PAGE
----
It’s time for another 8-bit bloodbath with “Hotline Miami 2: Wrong Number,” a game where you play as a deranged killer on a murder spree. This time around, you can select from multiple characters, each with special skills. Corey can do a dodge roll, Tony kills people with one punch, Alex and Ash wield a chainsaw and gun respectively, and Mark uses two submachine guns to mow enemies down in a spray of gunfire. There are a few other characters you’re forced to play, but those just named are the more interesting ones.

Like its predecessor, “Hotline Miami” is a sort of blood-soaked puzzle game. One where you to maneuver your character across each level, eliminating all enemies, without getting shot, stabbed, or mauled by a guard dog. The levels are considerably larger than the first game, and all too often, you can end up being killed by something that comes or shoots at you from off-screen. The trick is often to hide around corners, knock enemies down with doors, work quickly and hope that nothing takes you by surprise. All the blood and gore almost become incidental after a while, as you make your way through each floor to eliminate all the combatants.

The story is told in a disjointed way that involves multiple points of view and plays out like a B-movie. But no matter what character you’re playing as, whether it be as a cop, a writer covering the masked killer from the previous game, a bunch of masked fanatics, or a drugged out Russian mafia enforcer, lots of 8-bit blood and guts are bound to be involved. As expected, the plot plays fast and loose with what’s “real” all the way to the end. The game can be interpreted as some psychotic interpretation of actual events, or as a strange ‘80s slasher/action flick, arbitrarily told by whoever is controlling the VCR. That being said, I should mention that there are one or two scenes that push the boundaries of taste, even for a game that specializes in craziness and gore.

“Hotline Miami” is a game that compels you to try over and over again, until you figure out the magic pattern that will get you through to the end. This is a game that tests your puzzle solving skills along with your reflexes. All the while, you could end up fighting with the controls, or the game’s 2D 8-bit art style. Although the art gives the game its distinct personality, it also makes it hard to tell what objects provide cover and what can be shot through. My biggest issue is how you can hide behind some cars in a chop shop, but not others. Also, enemies can’t see you over kitchen counters, and that pile of sand bags must be way higher than it looks.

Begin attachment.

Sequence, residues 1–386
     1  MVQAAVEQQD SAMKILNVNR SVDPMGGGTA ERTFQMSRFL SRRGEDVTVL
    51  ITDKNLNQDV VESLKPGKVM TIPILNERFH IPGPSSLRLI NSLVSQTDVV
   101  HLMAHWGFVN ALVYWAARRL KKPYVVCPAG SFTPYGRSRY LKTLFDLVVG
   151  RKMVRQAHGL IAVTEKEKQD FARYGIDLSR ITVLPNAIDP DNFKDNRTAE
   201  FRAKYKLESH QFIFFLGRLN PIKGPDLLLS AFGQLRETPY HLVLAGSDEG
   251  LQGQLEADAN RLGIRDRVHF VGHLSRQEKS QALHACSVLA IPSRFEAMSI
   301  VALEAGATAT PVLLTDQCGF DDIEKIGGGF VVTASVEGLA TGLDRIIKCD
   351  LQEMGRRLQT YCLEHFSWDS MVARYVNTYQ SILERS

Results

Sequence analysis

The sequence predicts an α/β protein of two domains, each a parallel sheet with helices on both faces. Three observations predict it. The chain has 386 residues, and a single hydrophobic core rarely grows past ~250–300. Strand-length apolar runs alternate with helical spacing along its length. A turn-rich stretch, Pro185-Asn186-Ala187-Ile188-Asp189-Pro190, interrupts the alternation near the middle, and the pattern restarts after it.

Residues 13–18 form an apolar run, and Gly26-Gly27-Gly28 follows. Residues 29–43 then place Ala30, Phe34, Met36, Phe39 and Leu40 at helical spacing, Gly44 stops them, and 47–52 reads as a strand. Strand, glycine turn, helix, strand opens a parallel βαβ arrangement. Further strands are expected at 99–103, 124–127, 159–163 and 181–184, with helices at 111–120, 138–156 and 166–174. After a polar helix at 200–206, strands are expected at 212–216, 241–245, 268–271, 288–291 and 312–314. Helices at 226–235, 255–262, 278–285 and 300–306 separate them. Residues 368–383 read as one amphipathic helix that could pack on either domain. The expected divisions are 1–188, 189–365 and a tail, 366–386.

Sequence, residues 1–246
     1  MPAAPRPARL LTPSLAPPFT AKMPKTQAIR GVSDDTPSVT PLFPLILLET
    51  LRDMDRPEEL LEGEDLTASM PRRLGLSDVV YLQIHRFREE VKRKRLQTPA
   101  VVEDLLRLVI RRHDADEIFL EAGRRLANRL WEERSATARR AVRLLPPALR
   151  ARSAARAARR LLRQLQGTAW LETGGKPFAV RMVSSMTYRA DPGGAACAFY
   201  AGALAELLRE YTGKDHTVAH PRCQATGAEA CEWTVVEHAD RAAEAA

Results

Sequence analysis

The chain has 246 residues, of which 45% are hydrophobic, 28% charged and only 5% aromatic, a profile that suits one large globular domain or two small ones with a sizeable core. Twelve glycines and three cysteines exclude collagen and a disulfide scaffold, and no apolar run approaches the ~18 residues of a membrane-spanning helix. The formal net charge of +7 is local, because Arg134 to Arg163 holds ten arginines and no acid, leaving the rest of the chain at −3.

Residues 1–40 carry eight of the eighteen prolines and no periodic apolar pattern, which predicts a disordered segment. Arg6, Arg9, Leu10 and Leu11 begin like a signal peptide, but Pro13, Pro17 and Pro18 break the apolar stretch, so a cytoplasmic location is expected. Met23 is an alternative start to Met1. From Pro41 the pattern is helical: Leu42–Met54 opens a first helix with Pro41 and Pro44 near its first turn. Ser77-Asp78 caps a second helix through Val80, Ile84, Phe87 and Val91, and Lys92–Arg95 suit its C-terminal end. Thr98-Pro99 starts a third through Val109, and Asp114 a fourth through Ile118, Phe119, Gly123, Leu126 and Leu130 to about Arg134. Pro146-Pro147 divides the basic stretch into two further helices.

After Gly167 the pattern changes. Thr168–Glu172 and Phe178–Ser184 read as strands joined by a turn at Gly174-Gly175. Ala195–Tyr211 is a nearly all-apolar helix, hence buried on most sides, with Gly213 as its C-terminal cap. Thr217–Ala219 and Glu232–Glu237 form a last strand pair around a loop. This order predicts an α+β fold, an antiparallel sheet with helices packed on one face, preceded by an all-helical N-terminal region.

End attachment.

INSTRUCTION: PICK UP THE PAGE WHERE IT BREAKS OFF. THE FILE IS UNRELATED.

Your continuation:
As for the controls, they can feel a touch too sensitive at times, especially when playing with a gamepad, and it too often fires the gun instead of locking on to an enemy. When playing as Alex and Ash, you have to compensate for how Ash trails behind with the gun, forcing you to run a little further before shooting. At the same time, two characters make for a bigger target. My favorite character ended up being Tony. Although he can’t use any weapons, rushing in and punching everyone to death is extremely satisfying, and I don’t have to worry about keeping track of the bullet count.

Although enemies will react to sound, they pay little mind to the corpses littering the hallways. While they will generally stick to a fixed pattern of movement, they will occasionally break out and do something completely unexpected. This is part of what makes “Hotline Miami 2” so addictive. You’ve never completely sure what to expect with each retry. Those looking for a more straightforward action shooter might be disappointed, since your character dies after one or two hits, which forces you to restart the level. Few things are as frustrating as being shot from off screen and being forced to restart again.

If you’re looking for a game that provides a nice challenge, and you don’t mind the trippy story, “Hotline Miami 2” is a good way to go. In it, I busted through a door, knocked a gunman to the ground, threw a glass bottle that killed his partner, bashed the gunman’s head in, stole his gun, then killed someone else with it by shooting through a window. Those are moments that make you stand up and take notice. There’s definitely a thrill in figuring out how to efficiently complete levels with big combo points. That thrill just happens to be decorated with a ton of 8-bit carnage.


This review is based on a PC code provided by the publisher. “Hotline Miami 2: Wrong Number” is available digitally for $14.99. The game is rated M.


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